Such are some of the principal obstacles which stand in the way of the conversion of the sinner. The path to wo is downward, and its passage rapid. No effort is necessary to hasten along its crowded ways. The current bears you onward, and you need but float upon its surface, and you will soon enter those gloomy depths whence there is no return. The obstacles in the way of conversion are powerful. They are not to be overcome by the transient feeling of a moment; they are not to be removed by waiting in indolence. They demand great effort to overcome them. If there be anything in nature which calls for strenuous exertions, and which holds out sufficient motives to encourage such exertions, it is the salvation of your soul. Oh, do you never think of that eternity which is before you, of those realms of boundless space, where in a short time must be your endless home? Do you ever think of the wonders of a Saviour's love, of the sympathy of celestial bands, of the glittering mansion, of the heavenly robe, of the everlasting song. Can of such things, and not have your beart burn within you, and not be impelled by desires which never can be extinguished, to reach forward by every possible exertion, to the attainment of that world ?” Ask and ye shall receive; seek and ye shall find; knock and it shall be opened to you."

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MAY 18, 1845.



"Whom shall he teach knowledge? and whom shall he make to understand docurine? Them that are weaned from the milk, and drawn from the breasts. For precept must be upon precept, precept upon precept, line upon line, line upon line, here a little and there a little.”-Isaiah xxviii. 9, 10.

COMMENTATORS do not harmonize perfectly in their construction of this passage; but whether we regard it as the language or the drunkards of Ephraim, deriding the Lord's messengers for the plainness and urgency of their unwelcome instructions, or as the language of the prophet himself affirming interrogatively the spiritual ignorance and imbecility of the people, with their prophets and priests, it can hardly be questioned that the Holy Spirit clearly indicates the important truth that the knowledge of our relations to God and eternity is to be earnestly inculcated on the rising generation. There may be little hope that the uncircumcised ear of age will hearken to instruction, or that the habitual transgressor will listen to the warning voice of the Lord; but there is hope of the young, that precept upon precept and line upon line, drawn from the oracles of God, even though uttered by stainmering lips, will not be unavailing. The reported remark of one VOL. XIX.-NO. VI.


of England's noble sons, that “ were we deprived of what we learn during the three first years of our lives, we should be the most ignorant beings on the face of the globe,” is less extravagant in point of fact than in sound; and there had been no tinge of extravagance nor less of shrewdness in the remark, if, instead of three, he had specified the first seven or ten years of life. In those years, beyond question, are laid the foundations of the social and religious character which every man carries to the grave; and the firmness and fair proportions of the structure reared upon them, will correspond with their solidity and breadth. And when in varied language God commands the father to make known the truth unto his children-to teach the words that he commands diligently unto them—to talk of them when sitting in the house, and walking by the way, lying down and rising up, and to bring them up in the nurture and admonition of the Lord, he surely imposes on every man the express obligation to pour divine instruction, in every variety of form and without sparing, into the minds of his infant offspring. And ther, admitting the principle involved in the second great law of the universe—the equal worth of all human souls—we cannot, without absurdity, object to the claims of any portion of the rising generation within the reach of our benevolence, upon our practical regards to their instruction in the revealed will of God.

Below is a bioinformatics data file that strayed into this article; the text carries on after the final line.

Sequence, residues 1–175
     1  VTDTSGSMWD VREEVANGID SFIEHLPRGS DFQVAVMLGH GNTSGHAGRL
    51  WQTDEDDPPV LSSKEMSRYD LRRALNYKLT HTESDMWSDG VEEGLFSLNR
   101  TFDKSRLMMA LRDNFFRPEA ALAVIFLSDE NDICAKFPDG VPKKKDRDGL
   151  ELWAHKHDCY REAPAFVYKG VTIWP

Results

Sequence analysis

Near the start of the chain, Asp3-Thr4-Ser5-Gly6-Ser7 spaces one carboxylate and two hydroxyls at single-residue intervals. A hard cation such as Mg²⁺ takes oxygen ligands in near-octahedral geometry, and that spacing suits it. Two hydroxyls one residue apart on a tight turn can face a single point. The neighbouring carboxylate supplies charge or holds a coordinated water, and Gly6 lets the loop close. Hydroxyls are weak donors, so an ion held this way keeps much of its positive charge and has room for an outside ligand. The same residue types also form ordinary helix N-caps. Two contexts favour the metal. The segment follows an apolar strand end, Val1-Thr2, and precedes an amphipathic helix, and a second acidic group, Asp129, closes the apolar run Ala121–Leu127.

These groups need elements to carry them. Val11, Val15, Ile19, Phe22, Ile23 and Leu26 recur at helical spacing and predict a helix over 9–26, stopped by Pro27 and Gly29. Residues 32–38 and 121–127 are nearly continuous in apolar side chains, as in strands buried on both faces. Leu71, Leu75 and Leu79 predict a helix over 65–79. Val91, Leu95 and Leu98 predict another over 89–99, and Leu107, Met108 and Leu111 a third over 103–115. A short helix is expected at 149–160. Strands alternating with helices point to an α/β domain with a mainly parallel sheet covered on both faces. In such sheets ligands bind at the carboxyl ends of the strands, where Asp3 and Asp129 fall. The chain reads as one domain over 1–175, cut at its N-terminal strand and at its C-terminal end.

If we are to be delivered from the hand of strange children, whose mouth speaketh vanity, and their right hand is a right hand of falsehood; if our sons are to be as plants grown up in their youth, and our daughters as corner stones polished after the similitude of a palace, then must they be taught that fear of the Lord which is the beginning of wisdom, and their responsibility to Him for all their doings, and the extent and spirituality of the law which binds them to the cultivation of purity and love in all their relations to universal being. And if they are to be themselves saved from the dominion of lust, and the power of the second death, they must be taught by “precept upon precept, and line upon line," that they are shapen in iniquity and conceived in sin ; that they are estranged from God, from their first entrance into life; that the blood of Christ alone cleanseth from sin; and that his intercessions only secure them forgiveness and eternal life. And they must be taught that no man, except he be born again, can see the kingdom of heaven; that the Holy Spirit alone convinceth of sin, of righteousness, and of judgment; that repentance, faith, and new obedience, are essential to acceptance with God; that rewards of surpassing glory are laid up for the righteous, and woes of unutterable intensity are reserved for the wicked. Of these truths, so fundamental in the Christian system, none can be overlooked in the instruction of the young more than the old, without putting in jeopardy their welfare for time and eternity; and these alone explained

with simplicity, and diligently enforced, will leave nothing, in the form of direct instruction, to be attempted for their salvation.